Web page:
Data Quality Assessment

Data quality assessment is a systematic, business-driven approach to measure and evaluate data quality employing data quality dimensions, to ensure fitness for purpose and establish targets and thresholds for quality. The business owns the data it creates and manages. No organizations IT group can single-handedly improve the quality of data. Business representatives across the lifecycle of any given data set must be engaged to determine the data’s fitness for purpose, define the level of quality desired and the level of quality that is acceptable.

This is often a heavy lift for the business data experts and governance representatives, but accepting the responsibility is necessary. The data quality assessment processes consist of making decisions about the data and acting on those decisions. Only those who create, modify, and delete data across every phase of its lifecycle can decide:

  • If the data set is sufficiently complete and accurate to support business process needs (i.e., “Fit for purpose”)
  • The desired state of specific attributes (i.e., “Target”)
  • The minimum level of quality acceptable (i.e., “Thresholds”)
  • The most meaningful measures and metrics to track improvements

To take an example of fitness for purpose, an organization may discover, based on data profiling results, that it does not capture a sufficient set of attributes to maximize the efficacy of its record matching algorithm; the data set is not fit for purpose because it is incomplete for preventing and reconciling duplicates. This conclusion may drive modifications to the data store(s) and lead to additional business rules.

The most effective mechanism to assist the business in assessing data quality and establishing useful targets, thresholds, and metrics is the consideration and application of data quality dimensions to each attribute. A “dimension” is a criterion against which data quality is measured. A number of different dimensions of quality can be measured, and the DMM offers a sample set of dimensions against which to determine the data’s condition.

Performing a data quality assessment is based on predefined quality expectations and criteria set by stakeholders and approved by governance. Here are the Cliff Notes:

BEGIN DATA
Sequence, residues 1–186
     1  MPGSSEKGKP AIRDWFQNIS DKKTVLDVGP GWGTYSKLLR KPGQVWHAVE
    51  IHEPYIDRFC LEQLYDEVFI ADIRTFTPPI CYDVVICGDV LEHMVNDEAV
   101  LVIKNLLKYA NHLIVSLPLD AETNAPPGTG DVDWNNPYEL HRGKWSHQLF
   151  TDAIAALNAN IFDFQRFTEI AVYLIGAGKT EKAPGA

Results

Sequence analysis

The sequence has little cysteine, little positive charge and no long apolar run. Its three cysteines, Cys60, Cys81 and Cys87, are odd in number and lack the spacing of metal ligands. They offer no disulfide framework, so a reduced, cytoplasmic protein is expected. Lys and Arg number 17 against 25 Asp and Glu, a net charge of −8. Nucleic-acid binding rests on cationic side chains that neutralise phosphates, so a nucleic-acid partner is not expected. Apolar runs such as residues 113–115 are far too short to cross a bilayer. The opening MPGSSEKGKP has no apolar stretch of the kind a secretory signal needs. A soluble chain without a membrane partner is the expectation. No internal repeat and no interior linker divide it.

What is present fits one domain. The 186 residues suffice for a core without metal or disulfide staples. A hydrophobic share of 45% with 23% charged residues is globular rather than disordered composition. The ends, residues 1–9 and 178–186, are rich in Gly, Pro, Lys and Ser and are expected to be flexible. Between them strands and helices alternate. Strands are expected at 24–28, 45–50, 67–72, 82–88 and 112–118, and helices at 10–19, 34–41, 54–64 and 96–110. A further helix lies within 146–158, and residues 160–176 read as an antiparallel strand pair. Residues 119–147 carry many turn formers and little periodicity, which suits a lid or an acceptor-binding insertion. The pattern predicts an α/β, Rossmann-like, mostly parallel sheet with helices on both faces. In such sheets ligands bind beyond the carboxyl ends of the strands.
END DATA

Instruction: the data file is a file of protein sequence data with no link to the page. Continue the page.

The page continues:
• Create a training class aimed at governance representatives and business data experts – include:
    • Dimensions – what they are, examples, and exercises
    • Targets – how to formulate a realistic yet aspirational target for quality
    • Thresholds – how to determine what level of quality is acceptable
    • Quality rules – definition, examples, and exercises
  • Perform a proof of concept quality assessment on a small data set supporting one or more business processes
  • Profile the data first and share the results
  • Convene a working group with expertise on the data set – define dimensions, thresholds, and targets, and identify any missing data which would assist business process performance
  • Characterize the impacts of identified data quality defects or anomalies – e.g. risk, productivity, compliance, etc.
  • Identify meaningful metrics for the data set
  • Determine if any profiling errors warrant root cause analysis in source data stores
  • Determine if any business process enhancements would improve the quality of the data set
  • Define a standard process capturing the above activities, and share it with the working groups undertaking assessments of other data sets.
Process Area # Practices Low Average High
Data Quality Assessment 18 1.00 3.00 5.00

The score of 1.00 illustrates that an organization has not engaged the business in data quality responsibilities beyond the project level, is not employing data quality dimensions, and hasn’t implemented effective governance. The average score of 3.0 shows that some organizations have taken data quality seriously and have implemented processes and assigned responsibilities across the major business lines with significant business engagement. The high score of 5.00 demonstrates organizations in which the principles, processes, and practices of quality are deeply embedded, and the business is driving quality improvements.

Data Cleansing

Data cleansing identifies the mechanisms, processes, and methods used to validate and correct data defects according to predefined quality rules, as well as the analysis and enhancement of business processes to prevent errors.